Address by Boericke
THE PRESIDENT: At this time I have the extreme honor of introducing to you the president of the American Institute of Homeopathy, Dr. Boericke of Philadelphia.
DR. GARTH BOERICKE (Philadelphia): Mr. Chairman and Members of the National Association: We feel very friendly towards the Eclectic Medical Association. I always tell my students that we have very little to crow about in regard to the various drugs and preparations which we use and lecture on. I teach in the Hahnemann Medical College at Philadelphia. So often we come across an ordinary medical man (I always refer to men of other beliefs as ordinary medical men, thereby inferring that we are extraordinary medical men) who accepts drugs and uses them without giving us credit for them. The two best drugs in materia medica have been lifted bodily from the Eclectic school, and we freely acknowledge it. So we have the highest respect for the Eclectic method.
I simply came down to pay my respects as president of a sister medical organization, and also to offer an invitation to join us in our public health mass meeting at 8:00 o'clock tonight at the Hotel Statler. Senator Copeland of New York will be there and altogether quite a galaxy of speakers. There will be no technical papers, but we will be glad to have you come and attend our session. We have the Bureau of Clinical Medicine today; tomorrow Drug Pathogenesis, and the Surgical Bureau Thursday.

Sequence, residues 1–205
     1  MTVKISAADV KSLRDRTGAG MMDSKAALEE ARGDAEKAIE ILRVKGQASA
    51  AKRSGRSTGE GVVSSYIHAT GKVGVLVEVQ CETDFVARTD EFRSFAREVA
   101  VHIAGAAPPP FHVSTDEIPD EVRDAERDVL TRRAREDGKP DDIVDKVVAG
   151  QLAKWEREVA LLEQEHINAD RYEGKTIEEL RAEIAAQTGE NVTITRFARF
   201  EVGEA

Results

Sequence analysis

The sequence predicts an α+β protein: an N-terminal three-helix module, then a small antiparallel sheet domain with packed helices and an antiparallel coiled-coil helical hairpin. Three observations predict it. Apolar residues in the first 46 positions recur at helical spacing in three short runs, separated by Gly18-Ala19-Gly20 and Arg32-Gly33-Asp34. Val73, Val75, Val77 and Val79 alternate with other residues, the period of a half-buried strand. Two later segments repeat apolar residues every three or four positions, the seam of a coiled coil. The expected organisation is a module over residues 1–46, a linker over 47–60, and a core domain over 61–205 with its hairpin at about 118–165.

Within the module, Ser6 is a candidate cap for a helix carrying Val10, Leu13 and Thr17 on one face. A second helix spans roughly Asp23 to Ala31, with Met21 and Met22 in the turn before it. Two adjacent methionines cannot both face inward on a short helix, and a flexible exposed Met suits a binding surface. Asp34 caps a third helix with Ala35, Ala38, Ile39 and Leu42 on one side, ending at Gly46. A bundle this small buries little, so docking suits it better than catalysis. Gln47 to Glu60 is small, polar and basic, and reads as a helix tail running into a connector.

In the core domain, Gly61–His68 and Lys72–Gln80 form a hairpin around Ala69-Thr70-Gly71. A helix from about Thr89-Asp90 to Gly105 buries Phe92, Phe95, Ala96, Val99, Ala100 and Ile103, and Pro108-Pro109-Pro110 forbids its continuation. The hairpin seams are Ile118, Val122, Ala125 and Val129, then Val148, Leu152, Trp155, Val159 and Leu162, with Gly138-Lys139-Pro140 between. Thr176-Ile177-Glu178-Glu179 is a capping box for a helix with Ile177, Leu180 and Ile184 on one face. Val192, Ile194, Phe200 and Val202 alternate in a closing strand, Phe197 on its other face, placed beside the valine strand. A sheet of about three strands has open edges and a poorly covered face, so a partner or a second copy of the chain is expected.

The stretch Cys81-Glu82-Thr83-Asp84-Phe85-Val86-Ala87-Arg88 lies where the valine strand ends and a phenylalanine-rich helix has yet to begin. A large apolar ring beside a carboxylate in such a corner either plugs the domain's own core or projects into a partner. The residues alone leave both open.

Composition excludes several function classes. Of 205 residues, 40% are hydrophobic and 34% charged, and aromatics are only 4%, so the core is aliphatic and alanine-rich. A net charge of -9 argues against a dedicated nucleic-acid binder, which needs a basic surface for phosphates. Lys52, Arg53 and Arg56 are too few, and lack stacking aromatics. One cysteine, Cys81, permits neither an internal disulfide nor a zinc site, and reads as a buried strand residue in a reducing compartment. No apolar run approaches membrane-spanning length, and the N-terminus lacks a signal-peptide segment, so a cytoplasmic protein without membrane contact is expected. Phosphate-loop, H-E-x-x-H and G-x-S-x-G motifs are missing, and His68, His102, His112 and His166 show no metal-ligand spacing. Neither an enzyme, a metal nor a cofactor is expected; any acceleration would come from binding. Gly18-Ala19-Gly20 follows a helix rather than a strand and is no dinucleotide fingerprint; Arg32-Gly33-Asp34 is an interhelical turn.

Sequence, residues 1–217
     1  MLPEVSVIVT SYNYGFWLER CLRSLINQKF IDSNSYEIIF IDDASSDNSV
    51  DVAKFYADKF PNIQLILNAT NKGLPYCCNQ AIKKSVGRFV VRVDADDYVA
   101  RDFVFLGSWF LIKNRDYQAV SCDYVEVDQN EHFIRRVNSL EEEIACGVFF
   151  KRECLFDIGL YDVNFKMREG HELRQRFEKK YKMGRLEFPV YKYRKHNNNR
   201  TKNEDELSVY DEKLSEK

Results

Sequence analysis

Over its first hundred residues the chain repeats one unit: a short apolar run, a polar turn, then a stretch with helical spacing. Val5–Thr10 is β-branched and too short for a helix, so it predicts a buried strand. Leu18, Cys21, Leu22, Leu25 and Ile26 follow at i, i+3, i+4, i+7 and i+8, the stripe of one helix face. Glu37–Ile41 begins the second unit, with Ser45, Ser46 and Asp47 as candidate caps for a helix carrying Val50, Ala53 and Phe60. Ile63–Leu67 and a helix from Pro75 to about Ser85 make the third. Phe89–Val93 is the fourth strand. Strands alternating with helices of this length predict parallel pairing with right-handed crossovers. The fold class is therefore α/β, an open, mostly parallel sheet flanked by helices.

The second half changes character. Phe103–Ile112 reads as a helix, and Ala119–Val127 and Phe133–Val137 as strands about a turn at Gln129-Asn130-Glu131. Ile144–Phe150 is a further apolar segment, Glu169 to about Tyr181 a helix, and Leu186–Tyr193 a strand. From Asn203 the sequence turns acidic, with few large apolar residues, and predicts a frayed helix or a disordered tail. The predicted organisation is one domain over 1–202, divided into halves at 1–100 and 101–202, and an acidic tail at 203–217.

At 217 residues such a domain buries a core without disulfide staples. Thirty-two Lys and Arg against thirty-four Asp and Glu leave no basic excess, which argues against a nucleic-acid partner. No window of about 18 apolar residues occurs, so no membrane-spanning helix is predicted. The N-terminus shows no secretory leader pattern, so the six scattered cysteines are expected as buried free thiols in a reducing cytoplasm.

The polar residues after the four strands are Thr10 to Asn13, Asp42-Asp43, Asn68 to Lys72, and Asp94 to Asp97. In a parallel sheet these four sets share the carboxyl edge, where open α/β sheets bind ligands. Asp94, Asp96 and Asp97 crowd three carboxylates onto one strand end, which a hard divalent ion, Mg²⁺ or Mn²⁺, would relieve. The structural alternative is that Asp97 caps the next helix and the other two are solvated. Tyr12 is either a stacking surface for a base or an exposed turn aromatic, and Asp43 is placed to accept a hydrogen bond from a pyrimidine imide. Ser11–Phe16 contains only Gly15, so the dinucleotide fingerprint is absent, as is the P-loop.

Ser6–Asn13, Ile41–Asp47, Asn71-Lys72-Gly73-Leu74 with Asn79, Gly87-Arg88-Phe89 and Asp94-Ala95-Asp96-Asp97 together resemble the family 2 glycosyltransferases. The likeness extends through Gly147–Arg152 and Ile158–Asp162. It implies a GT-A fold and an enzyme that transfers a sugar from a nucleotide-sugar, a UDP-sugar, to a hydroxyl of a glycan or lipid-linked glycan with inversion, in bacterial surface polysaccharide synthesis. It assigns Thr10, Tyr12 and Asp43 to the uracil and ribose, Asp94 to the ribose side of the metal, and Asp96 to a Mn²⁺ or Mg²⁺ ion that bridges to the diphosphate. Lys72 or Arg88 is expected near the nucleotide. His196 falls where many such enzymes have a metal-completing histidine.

I feel we have a great deal in common, we Homeopaths and Eclectics. We believe in the rational use of drug therapy. We have a public who know something about it, particularly as they are bombarded all the time with drugs from pharmaceutical houses. So often they come to the conclusion a certain drug should be used and methods of publicity are pushed, when older and better drugs are more beneficial. I feel that is the chief function of my society and yours—to keep before the public the fact that we have tried methods of treatment and drugs which have stood the test of time. The public do not know that, but they should. It is up to us to keep it before them.
We will be happy to have you come to our meeting and I want to assure you of our cordial respect and regard for the Eclectics.
National Eclectic Medical Association Quarterly, Vol. 26, 1934-35, was edited by Theodore Davis Adlerman, M.D.